The XF5U design was promising: specifications given at the time promised great maneuverability and speeds up to 550 mph (885 km/h). However, it came at the time when the United States Navy was switching from propeller driven to jet propelled aircraft. By 1946, the XF5U-1 project was already long over its expected development time, and well over budget. With jet aircraft coming into service, the Navy finally canceled the project on 17 March 1947, and the prototype aircraft (V-173) was transferred to the Smithsonian Museum for display. Although two aircraft were constructed, a lone XF5U-1 underwent ground runs but never overcame vibration problems. Taxi trials at Vought's Connecticut factory culminated in short "hops" that were not true flights. The only completed XF5U-1 proved to be so structurally solid that it had to be destroyed with a wrecking ball.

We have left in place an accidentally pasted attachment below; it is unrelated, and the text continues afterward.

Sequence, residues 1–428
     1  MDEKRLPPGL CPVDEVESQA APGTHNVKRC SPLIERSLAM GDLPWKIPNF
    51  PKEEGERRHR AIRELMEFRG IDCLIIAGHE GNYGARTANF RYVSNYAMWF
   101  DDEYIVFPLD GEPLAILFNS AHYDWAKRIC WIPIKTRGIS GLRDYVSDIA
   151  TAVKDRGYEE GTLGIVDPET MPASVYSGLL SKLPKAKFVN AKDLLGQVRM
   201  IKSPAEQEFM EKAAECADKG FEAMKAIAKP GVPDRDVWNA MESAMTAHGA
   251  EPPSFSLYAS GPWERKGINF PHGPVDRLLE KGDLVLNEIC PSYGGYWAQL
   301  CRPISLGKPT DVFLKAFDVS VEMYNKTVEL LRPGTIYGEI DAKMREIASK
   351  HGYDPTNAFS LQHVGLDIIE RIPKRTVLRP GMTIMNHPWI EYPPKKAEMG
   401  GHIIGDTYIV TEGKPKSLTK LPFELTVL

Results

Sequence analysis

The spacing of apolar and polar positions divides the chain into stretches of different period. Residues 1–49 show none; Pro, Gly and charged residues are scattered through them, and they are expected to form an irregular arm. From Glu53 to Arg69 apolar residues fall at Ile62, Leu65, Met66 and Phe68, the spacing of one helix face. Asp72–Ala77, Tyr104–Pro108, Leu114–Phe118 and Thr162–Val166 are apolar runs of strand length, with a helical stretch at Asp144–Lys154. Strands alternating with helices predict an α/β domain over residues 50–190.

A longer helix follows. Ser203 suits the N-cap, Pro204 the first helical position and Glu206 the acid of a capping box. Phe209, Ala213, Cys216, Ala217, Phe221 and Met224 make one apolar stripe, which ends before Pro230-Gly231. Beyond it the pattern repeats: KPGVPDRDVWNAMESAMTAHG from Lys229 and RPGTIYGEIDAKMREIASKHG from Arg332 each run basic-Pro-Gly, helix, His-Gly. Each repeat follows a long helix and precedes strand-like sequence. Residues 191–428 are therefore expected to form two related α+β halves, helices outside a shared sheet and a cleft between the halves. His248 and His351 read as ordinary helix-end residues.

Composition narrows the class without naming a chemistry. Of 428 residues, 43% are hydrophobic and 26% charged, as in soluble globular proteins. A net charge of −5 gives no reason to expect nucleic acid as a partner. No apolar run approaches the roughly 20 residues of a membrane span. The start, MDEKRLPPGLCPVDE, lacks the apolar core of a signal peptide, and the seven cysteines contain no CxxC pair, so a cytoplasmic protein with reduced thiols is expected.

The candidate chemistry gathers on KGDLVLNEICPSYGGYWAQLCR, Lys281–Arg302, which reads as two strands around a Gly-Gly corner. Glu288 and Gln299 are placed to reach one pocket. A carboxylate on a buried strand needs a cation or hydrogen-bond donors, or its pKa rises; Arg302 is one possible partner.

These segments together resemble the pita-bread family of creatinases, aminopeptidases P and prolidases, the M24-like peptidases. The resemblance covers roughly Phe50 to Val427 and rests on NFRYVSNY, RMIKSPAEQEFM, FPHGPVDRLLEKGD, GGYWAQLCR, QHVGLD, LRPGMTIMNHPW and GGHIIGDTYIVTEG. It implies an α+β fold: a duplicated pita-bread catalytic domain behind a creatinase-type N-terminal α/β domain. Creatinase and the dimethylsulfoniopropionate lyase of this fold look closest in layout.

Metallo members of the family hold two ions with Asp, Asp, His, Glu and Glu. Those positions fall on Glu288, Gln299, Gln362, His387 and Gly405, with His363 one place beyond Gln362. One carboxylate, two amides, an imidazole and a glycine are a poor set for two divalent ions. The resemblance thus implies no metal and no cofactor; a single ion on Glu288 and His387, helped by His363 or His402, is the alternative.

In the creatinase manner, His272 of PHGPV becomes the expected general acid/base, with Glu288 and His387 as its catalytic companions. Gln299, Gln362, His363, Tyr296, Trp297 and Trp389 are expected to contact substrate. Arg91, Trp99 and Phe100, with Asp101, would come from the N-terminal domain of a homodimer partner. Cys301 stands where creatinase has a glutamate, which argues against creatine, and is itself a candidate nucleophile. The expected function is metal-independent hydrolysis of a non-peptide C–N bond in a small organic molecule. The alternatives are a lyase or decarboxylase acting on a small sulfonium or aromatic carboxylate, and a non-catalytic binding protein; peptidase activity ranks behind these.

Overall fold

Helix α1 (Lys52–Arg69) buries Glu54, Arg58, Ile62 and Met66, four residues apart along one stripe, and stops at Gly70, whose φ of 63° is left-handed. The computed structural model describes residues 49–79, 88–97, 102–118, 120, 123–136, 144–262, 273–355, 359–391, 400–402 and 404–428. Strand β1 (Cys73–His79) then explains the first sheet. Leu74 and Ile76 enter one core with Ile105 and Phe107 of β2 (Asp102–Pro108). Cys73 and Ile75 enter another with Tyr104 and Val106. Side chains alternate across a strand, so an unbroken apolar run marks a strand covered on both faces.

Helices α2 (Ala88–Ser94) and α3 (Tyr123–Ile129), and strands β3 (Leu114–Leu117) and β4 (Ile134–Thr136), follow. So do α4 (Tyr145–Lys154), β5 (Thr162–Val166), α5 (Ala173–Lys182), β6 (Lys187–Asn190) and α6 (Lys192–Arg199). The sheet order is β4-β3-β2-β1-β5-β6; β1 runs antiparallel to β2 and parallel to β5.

When I heard that this kit was being developed I was immediately interested. In past years, I had built the rather poor fitting Hasegawa kit and really liked how it turned out. Rarely do new kits pique my interest as things like this. It has the combination of looking cool along with being an important development of the Vought family of aircraft. It makes for an excellent addition to the 'what if' (whiffer) crowd and in fact, Kitty Hawk has provided schemes that fill the bill quite nicely. I should mention that there was supposed to be an anime version but permission to use whatever the character was to be was denied very late in production so that portion of the decal sheet was cut away, the pages showing placement were glued shut and a black sticker put over the view on the side of the box. However, it still shows in the parts location and those of us who are enamoured with the subject and can make their own decals will be able to find something suitable to put in its place.